33. LESA: Site Assessment Selecting Factors A. Site assessment factors included in a LESA system should be those determined by local people to be important in making decisions about protecting agricultural land. B. Factors selected by local areas may differ to reflect local values and to implement local policy. Where agricultural land protection is already being considered in local land use decisions, some site assessment factors already exist to help guide decisions. In most cases these factors have not been placed in a formal list or assigned values or weights. However, local officials can use them in deciding to protect or not protect a given agricultural site. (1) In selecting factors, review existing plans, policy, and guidelines to identify any site factors already in use. (2) Review case files of decisions to protect or not protect a given agricultural site. Identify the factors considered in making the decision. (3) The local committee or work group should review the factors identified in (1) and (2) above. The committee should identify any additional factors to be considered. Draft a list of factors selected for inclusion in the local system. The list may contain as few as six or as many as forty factors. Sumber: ftp://ftp-fc.sc.egov.usda.gov/NSSC/land_use/LESA_Handbook.pdf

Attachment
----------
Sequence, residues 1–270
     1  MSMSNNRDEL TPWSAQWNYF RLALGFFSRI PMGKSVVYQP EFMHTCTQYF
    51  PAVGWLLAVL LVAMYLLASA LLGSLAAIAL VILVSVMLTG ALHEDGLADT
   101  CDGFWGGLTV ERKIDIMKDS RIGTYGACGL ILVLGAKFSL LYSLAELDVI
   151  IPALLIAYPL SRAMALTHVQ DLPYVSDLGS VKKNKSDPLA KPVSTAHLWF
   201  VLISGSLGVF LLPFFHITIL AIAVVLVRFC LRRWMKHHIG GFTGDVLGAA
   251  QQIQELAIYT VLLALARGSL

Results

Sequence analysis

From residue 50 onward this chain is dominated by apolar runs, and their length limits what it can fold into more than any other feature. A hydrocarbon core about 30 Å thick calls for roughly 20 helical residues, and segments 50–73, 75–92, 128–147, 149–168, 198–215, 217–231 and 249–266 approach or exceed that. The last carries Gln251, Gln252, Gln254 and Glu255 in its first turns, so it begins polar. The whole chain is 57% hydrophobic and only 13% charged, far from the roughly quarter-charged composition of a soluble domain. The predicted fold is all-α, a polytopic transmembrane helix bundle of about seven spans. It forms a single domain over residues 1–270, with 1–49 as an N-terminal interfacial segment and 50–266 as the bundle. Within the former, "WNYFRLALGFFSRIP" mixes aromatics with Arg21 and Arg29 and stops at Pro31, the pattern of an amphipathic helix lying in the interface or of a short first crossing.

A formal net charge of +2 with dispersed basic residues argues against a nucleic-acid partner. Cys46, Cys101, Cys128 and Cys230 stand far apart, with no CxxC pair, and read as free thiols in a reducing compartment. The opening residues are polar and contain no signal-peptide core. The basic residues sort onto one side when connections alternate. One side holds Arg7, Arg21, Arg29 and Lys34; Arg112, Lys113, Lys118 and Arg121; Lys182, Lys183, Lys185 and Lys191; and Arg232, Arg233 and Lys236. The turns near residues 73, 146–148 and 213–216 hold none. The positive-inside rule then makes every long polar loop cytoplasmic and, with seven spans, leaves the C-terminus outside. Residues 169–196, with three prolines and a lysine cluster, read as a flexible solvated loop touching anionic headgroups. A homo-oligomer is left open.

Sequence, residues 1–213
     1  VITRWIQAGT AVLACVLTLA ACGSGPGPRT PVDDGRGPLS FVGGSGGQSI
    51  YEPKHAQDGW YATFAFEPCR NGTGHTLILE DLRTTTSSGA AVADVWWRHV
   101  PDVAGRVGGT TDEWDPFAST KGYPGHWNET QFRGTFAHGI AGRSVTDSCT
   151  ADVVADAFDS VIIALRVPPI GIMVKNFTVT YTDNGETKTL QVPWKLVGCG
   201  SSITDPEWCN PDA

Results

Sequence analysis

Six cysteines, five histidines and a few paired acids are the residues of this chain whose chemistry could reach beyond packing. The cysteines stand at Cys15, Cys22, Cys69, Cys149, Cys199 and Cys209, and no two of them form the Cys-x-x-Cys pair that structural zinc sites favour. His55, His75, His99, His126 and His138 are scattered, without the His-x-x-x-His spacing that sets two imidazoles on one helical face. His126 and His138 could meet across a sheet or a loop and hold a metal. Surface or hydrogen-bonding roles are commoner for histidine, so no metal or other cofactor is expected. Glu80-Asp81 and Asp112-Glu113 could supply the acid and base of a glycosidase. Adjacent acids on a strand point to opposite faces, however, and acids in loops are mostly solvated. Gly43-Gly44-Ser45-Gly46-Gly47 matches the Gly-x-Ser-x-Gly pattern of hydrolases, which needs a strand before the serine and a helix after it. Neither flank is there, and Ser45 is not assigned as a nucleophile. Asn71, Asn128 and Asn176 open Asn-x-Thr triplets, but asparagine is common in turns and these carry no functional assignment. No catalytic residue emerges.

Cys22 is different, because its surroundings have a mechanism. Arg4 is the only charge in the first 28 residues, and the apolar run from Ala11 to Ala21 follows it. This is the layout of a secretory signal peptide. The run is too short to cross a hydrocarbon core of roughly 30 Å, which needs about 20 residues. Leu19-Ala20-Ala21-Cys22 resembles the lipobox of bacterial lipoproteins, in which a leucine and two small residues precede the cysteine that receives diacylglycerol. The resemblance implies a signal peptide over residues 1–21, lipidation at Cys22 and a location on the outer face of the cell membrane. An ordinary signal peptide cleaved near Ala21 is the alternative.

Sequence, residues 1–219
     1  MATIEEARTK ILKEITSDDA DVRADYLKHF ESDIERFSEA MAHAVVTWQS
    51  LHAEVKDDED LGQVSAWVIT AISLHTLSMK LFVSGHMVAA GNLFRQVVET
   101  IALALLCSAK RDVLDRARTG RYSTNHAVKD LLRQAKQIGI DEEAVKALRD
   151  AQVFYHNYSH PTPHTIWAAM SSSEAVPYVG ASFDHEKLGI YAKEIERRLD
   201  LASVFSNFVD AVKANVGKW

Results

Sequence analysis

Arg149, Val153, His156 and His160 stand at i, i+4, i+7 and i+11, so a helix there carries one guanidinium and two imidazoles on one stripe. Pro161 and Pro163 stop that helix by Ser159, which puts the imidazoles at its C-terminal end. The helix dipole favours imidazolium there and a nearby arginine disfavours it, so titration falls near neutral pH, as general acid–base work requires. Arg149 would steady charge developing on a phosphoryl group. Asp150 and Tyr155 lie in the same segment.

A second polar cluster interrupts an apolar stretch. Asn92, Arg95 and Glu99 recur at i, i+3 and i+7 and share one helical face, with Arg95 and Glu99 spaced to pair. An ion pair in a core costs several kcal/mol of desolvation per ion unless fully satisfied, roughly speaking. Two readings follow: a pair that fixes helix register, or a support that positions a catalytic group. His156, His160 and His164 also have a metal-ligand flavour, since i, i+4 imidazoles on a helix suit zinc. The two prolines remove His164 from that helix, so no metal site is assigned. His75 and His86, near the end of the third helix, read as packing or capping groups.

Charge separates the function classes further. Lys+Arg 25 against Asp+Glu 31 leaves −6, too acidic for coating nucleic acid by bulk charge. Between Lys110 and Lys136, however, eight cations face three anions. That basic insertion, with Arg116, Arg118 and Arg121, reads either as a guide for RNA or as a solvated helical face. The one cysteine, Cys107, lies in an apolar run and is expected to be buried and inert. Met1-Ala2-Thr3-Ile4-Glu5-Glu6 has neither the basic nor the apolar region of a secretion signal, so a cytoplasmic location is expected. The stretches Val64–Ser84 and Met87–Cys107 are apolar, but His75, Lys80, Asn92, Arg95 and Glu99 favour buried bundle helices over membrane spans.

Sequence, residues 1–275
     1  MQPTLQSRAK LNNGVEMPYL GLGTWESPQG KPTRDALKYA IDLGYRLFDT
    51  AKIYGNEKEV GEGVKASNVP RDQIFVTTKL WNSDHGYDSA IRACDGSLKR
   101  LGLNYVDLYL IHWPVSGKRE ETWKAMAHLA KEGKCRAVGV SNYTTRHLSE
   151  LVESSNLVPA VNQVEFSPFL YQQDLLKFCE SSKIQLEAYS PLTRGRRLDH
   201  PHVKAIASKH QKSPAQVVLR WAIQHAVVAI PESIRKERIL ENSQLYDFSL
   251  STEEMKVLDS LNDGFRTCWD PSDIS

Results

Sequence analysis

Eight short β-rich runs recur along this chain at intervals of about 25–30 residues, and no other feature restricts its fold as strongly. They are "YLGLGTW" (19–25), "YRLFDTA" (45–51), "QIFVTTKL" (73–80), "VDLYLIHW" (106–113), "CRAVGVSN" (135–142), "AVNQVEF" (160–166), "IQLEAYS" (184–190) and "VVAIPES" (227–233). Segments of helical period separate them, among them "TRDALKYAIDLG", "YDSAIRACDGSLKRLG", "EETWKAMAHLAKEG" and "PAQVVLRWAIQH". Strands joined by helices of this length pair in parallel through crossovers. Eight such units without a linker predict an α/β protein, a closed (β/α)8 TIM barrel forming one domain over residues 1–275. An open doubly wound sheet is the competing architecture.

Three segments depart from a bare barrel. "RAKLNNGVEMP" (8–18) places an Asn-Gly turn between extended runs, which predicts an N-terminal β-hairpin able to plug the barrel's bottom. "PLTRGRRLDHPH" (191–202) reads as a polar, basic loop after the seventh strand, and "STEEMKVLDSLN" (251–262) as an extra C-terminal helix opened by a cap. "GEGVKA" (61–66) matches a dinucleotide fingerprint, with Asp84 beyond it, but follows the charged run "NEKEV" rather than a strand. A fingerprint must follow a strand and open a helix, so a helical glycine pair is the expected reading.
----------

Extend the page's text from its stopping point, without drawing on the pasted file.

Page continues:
34. LESA: Site Assessment The following factors have been used in several committees in the LESA site assessment procedure. Local committees may identify other factors. Any of the listed factors may or may not be needed or used in the design of any local LESA system. (1) Land use/agricultural. (i) Percentage of area in agricultural use within (__) miles. (ii) Percentage of site farmed in (__) of the last (__) years. (iii) Land use adjacent to site. (2) Agricultural economic viability. (i) Size of farm. (ii) Agricultural support system (infrastructure). (iii) Land ownership. (iv) Onsite investments (barns, storage, conservation measures, etc.). (v) Impact of proposed conversion on retention of other farmland and the agricultural infrastructure. (vi) Conservation plan. Sumber: ftp://ftp-fc.sc.egov.usda.gov/NSSC/land_use/LESA_Handbook.pdf